Life lessons from the lifeless: A film review of ‘Only Lovers Left Alive’

angus mcdiarmid

angus mcdiarmid

Pandeia’s first film review by Sebastian Koskinen, on ‘Only Lovers Left Alive’, released in 2013, directed by Jim Jarmusch and starring with Tilda Swinton and Tom Hiddleston. 

Romanticism is often evoked in our modern times. Like many other words – love, God or truth – it too has been brutally maimed, put into contexts so foreign that it’s no wonder its very essence has been forgotten. Whatever is left isn’t really popular. Even still, the days of Friedrich, Rachmaninoff and Shelley shine bright, full of explosive power, grandeur and raw beauty that first made them famous. This spirit hasn’t been as strong ever since, but even today, although rarely, some brave souls capture it in their art. My frank opinion is that in his newest movie Only Lovers Left Alive Jim Jarmusch has done just that.

Before analysing the movie in-depth I think it’s necessary to say few words about romanticism as a sense of life. Ayn Rand’s definition in her brilliant The Romantic Manifesto is an excellent point of departure here. It is not the only definition but it succeeds in focusing on those parts of the movement that are relevant to this text. In Rand’s words:

“Romanticism is the conceptual school of art. It deals, not with the random trivia of the day, but with the timeless, fundamental, universal problems and values of human existence. It does not record or photograph; it creates and projects. It is concerned—in the words of Aristotle—not with things as they are, but with things as they might be and ought to be.”

Universals, particulars. Creating, recording. Is, ought. If we look at today’s entertainment, or art in general, it is of the particular, recording and is type. As a firm believer in art’s transmuting powers, I see this as worrying development. If art ceases to push our humanity to its limits, towards divine, its greatest potential will be lost. We need characters more perfect than ourselves to lead the way. Similarly, romanticism has never been ashamed of its moralist undertones but has scorchingly sought and judged humanity’s errors. So does Jarmusch’s newest and that’s why it’s so important.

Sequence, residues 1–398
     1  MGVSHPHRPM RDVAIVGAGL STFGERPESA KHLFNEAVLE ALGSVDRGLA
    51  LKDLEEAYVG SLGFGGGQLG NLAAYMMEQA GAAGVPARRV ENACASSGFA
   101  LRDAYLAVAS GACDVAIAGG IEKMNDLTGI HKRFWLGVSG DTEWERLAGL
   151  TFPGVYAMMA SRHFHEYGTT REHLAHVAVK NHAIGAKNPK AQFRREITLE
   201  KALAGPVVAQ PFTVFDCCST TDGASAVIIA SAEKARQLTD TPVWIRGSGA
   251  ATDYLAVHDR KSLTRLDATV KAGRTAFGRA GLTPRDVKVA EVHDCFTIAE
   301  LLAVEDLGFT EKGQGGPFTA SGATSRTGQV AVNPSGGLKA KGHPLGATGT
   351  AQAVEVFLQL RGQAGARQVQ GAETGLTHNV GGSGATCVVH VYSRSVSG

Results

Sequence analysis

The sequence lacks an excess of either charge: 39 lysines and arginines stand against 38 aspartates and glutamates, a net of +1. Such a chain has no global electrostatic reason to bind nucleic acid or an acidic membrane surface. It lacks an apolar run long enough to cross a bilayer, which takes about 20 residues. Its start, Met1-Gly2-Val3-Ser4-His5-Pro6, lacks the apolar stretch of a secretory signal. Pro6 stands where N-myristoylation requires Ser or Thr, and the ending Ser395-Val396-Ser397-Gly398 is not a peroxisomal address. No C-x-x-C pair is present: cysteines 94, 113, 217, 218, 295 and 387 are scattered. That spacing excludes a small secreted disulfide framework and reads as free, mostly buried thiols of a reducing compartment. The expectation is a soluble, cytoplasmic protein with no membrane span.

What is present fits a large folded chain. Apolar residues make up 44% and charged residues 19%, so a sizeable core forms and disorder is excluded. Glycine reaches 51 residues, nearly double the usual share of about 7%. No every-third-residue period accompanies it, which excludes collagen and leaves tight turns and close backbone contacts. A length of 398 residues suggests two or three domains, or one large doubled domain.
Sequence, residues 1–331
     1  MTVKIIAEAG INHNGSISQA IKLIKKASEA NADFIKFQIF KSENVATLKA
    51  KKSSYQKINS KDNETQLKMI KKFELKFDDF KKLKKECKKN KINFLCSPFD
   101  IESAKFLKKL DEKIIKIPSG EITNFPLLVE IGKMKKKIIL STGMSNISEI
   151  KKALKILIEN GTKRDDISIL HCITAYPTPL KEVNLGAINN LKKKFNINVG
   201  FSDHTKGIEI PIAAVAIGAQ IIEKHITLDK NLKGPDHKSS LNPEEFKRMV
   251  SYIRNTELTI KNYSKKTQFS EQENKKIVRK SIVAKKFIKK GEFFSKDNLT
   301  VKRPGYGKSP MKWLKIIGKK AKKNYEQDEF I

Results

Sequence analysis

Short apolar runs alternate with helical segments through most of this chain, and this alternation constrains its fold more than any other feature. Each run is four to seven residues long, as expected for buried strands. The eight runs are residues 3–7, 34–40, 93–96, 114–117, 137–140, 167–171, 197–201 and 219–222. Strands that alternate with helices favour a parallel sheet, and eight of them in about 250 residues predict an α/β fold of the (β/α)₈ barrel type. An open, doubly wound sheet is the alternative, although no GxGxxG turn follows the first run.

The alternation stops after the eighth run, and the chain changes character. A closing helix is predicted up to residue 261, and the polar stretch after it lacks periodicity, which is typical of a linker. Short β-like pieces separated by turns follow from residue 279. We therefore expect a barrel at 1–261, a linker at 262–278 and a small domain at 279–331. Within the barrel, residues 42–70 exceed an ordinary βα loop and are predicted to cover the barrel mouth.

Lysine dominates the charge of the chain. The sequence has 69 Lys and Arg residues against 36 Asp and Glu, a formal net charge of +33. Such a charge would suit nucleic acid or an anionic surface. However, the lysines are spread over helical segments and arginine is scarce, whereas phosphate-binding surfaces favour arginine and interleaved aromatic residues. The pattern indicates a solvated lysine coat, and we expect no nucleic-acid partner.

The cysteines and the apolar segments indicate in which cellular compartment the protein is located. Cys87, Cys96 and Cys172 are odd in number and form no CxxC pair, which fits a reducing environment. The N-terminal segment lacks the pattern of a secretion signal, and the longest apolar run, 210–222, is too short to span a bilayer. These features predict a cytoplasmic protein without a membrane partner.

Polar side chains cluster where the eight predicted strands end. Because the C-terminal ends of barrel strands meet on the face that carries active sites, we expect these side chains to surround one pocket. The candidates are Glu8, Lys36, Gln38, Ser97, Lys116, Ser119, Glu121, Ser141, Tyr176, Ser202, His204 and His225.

A Love Story Spanning Centuries

Lucie Otto-Bruc

Lucie Otto-Bruc

Enter Only Lovers Left Alive, a vampire movie. It’s setting isn’t too enticing as this genre has been ruined since HBO (infamous for advocating anything but romanticism) released True Blood, a series partly responsible for a surge of interest in vampire fiction. But Only Lovers Left Alive isn’t really a vampire movie. Vampirism here is only a literary device to show us, the audience, the decay of our world. Against the modern condition is laid the romantic tradition, now roughly three centuries old, through Adam (Tom Hiddleston) and Eve (Tilda Swinton), two vampires who linger on almost lifeless. Not because of their vampirism but because of us humans, ‘zombies’, and the mess we’ve made of all that is beautiful and meaningful.

It is a snobbish premise that, along with the movie’s slow pace, noisy drone soundtrack and constant name-dropping might make it off-putting for some. I would argue, though, that every little detail, every small cause for irritation, earns its place in the movie. They are defendable.

Romanticists, as opposed to pragmatic and dashing technocrats, have always been ridiculed because of their allegedly childish faith in empty ideals and their yearning for olden times, to some sort of original state of being, connected to nature.